Stilt Houses in the Gulf of Mexico: Historic Fishing Lodges
We take Florida vacations at least a couple of times a year, and we've seen some pretty amazing sights. One of the most fascinating sights we saw on our recent vacation to Port Richey, Florida, was a stilt house. In fact, we floated right past several of the unique structures on our flats fishing trips. It was a surreal experience to view houses out in the Gulf of Mexico, but there they were. It was no mirage. Since this was our first trip to the Port Richey area, the stilt houses were incredibly eye-catching and unusual to me. On our fishing trips for fishing the flats, we saw several of these old fishing lodges. All looked abandoned, with birds as their only tenants. Cormorants used a few of the houses for perches to search the water for a meal. Of course, I just had to learn more about these rustic vacation houses, so I began talking with Port Richey locals.
History: From Fishing Lodges to Fishing Vacations for Celebrities
All the stilt houses are located just off the coast of Pasco County, Florida. Originally, over twenty of these structures were built. No one knows for sure when the first stilt house was constructed, but most locals agree it was some time around the beginning of the twentieth century. There’s even a debate about who built the first of the stilt houses.
Supposedly, the first stilt houses were built as fishing lodges or fishing camps. Before gas or diesel-powered boats were commonplace, boats were poled out to the flats for fishing – especially for mullet fishing. Huge schools of mullet would run through the flats periodically, and many local fishermen depended on flats fishing for their income. The fishing lodges provided a place for the fishermen to rest and eat before poling their catch back to the mainland.
The original owners of the structures didn’t buy the “land” from anyone – it was more of a squatter’s rights deal. They scoped out a likely spot and proceeded to build a house on stilts. This process was difficult, to say the least. All the lumber had to be floated out to the site, and pilings had to be sunk into the ground beneath the gulf waters to support the houses.
The houses were often used for fishing trips by the owners, most of who lived fairly nearby on the Florida mainland. Flats fishing in the area was very good for mullet, trout, flounder, reds, sharks, snook, and cobia. Tarpon fishing was and still is superb. Decades ago, local anglers on gulf fishing trips would often seek refuge in any vacant stilt house when a storm approached or when they needed a place to rest. The stilt house owners didn’t mind, and to return the favor, the fisherman would often give part of their catch to the house owners.
The stilt houses were also used as vacation houses, especially for fishing vacations. Although such vacations and fishing trips were largely without modern conveniences, the beautiful scenery and the array of water activities made up for the lack of fresh water, air conditioning, television, and telephones.
As vacation houses, the wooden structures placed their owners in the midst of perfect locations for flats fishing, swimming, crabbing, boating, and water skiing. The water around the houses is crystal clear, and at high tide, it’s about ten feet deep. At low tide, the water is only a couple of feet deep around most of the stilt houses. Before heading out on fishing trips to this part of the gulf, make sure you know how much draft your boat requires before fishing the flats.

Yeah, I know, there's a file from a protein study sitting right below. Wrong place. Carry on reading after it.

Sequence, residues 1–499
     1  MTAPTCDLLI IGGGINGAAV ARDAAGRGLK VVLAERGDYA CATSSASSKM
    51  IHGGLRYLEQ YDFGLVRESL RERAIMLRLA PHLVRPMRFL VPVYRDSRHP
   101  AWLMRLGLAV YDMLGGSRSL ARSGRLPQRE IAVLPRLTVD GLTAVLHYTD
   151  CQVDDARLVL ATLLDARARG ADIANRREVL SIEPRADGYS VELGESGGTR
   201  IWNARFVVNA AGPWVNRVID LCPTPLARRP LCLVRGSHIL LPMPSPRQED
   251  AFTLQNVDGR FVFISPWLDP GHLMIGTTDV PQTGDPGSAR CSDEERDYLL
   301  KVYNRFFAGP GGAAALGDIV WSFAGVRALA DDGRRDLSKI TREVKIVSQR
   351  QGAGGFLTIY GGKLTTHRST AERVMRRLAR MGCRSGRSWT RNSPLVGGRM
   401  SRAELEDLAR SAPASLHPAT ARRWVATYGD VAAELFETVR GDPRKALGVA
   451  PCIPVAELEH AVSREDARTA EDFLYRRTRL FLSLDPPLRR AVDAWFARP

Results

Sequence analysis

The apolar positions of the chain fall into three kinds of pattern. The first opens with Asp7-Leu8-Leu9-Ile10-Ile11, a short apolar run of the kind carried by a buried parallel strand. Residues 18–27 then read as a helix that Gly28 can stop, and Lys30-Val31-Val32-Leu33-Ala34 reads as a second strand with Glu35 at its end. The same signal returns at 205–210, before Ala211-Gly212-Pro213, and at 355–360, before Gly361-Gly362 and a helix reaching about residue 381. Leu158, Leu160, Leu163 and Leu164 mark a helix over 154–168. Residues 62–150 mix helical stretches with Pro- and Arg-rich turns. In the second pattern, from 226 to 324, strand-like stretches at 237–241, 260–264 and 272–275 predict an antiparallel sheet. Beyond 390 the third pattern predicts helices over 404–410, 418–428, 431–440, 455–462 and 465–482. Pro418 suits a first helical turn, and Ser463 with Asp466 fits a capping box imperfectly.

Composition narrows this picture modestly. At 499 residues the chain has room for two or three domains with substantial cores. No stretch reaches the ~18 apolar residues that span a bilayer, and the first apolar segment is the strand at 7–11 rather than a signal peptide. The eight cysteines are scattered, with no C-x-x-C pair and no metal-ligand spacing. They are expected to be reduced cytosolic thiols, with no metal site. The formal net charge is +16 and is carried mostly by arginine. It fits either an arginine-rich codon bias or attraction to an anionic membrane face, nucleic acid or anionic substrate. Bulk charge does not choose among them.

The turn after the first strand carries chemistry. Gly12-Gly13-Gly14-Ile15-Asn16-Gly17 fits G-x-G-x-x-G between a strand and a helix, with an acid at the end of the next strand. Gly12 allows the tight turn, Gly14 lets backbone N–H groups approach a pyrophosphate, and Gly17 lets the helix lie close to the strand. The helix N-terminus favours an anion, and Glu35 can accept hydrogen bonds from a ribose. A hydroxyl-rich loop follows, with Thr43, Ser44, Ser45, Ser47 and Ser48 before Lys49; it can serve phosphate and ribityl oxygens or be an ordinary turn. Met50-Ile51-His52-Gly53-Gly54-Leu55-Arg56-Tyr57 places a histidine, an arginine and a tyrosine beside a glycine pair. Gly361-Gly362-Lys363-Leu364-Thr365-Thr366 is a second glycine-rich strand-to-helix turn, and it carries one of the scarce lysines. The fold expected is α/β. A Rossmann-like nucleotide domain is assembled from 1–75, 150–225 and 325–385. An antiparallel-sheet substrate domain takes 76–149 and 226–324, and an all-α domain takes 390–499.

The stilt houses were so unique and in such a specialized location for flats fishing, they’ve been frequented by some famous people. Johnny and June Carter Cash visited often whenever they wanted to enjoy some fishing on the Florida flats. Reverend Billy Graham also spent a couple of fishing vacations in a stilt house.
In October of 1968, most of the stilt houses were completely destroyed by Hurricane Gladys. The Florida legislature didn’t want the stilt houses rebuilt, but when the owners put up a spirited fight, they were “grandfathered in.” Owners of the stilt houses were allowed to rebuild on the original sites, but they had to lease the land supporting their fishing lodges. These leases were scheduled to expire in 1999.
The owners of the stilt houses were devastated to think that their vacation houses and fishing lodges that had been in their family for generations would be destroyed, so they petitioned for an extension. The extension was granted. Now the stilt houses are safe until 2019. No one knows what will happen to these historic structures after that.
Stilt Houses Today
Today, there are nine stilt houses left. Both locals and tourists appreciate the unique houses, not just for their fascinating heritage, but also for the fish they attract. Each time we went to the area for flats fishing, several boats surrounded the stilt houses, casting lines underneath the docks and around the wooden pilings. They provide structure for flats fishing, which attracts and holds fish.
Fresh water still has to be hauled to the stilt fishing lodges and vacation houses. Most of the structures now have pumps, however, for salt water, which is sometimes used for washing dishes. Electricity is provided by generators, and propane tanks provide cooking and heat. The stilt houses use chemical toilets in the bathrooms.
See the Stilt Houses
If you’re ever near Port Richey, take a boat out for some great flats fishing. Fishing the Florida flats, or even taking a pleasure cruise around the area, is a great way to spend a day or an afternoon.
The stilt houses are located in a line off Port Richey. If you’re heading out of Port Richey on the Cotee River, you’ll see the old wooden fishing lodges as you enter the gulf. If you’re new to this area, don’t let the water fool you – it’s much deeper than it appears. Even so, it does get shallow around the houses at low tide.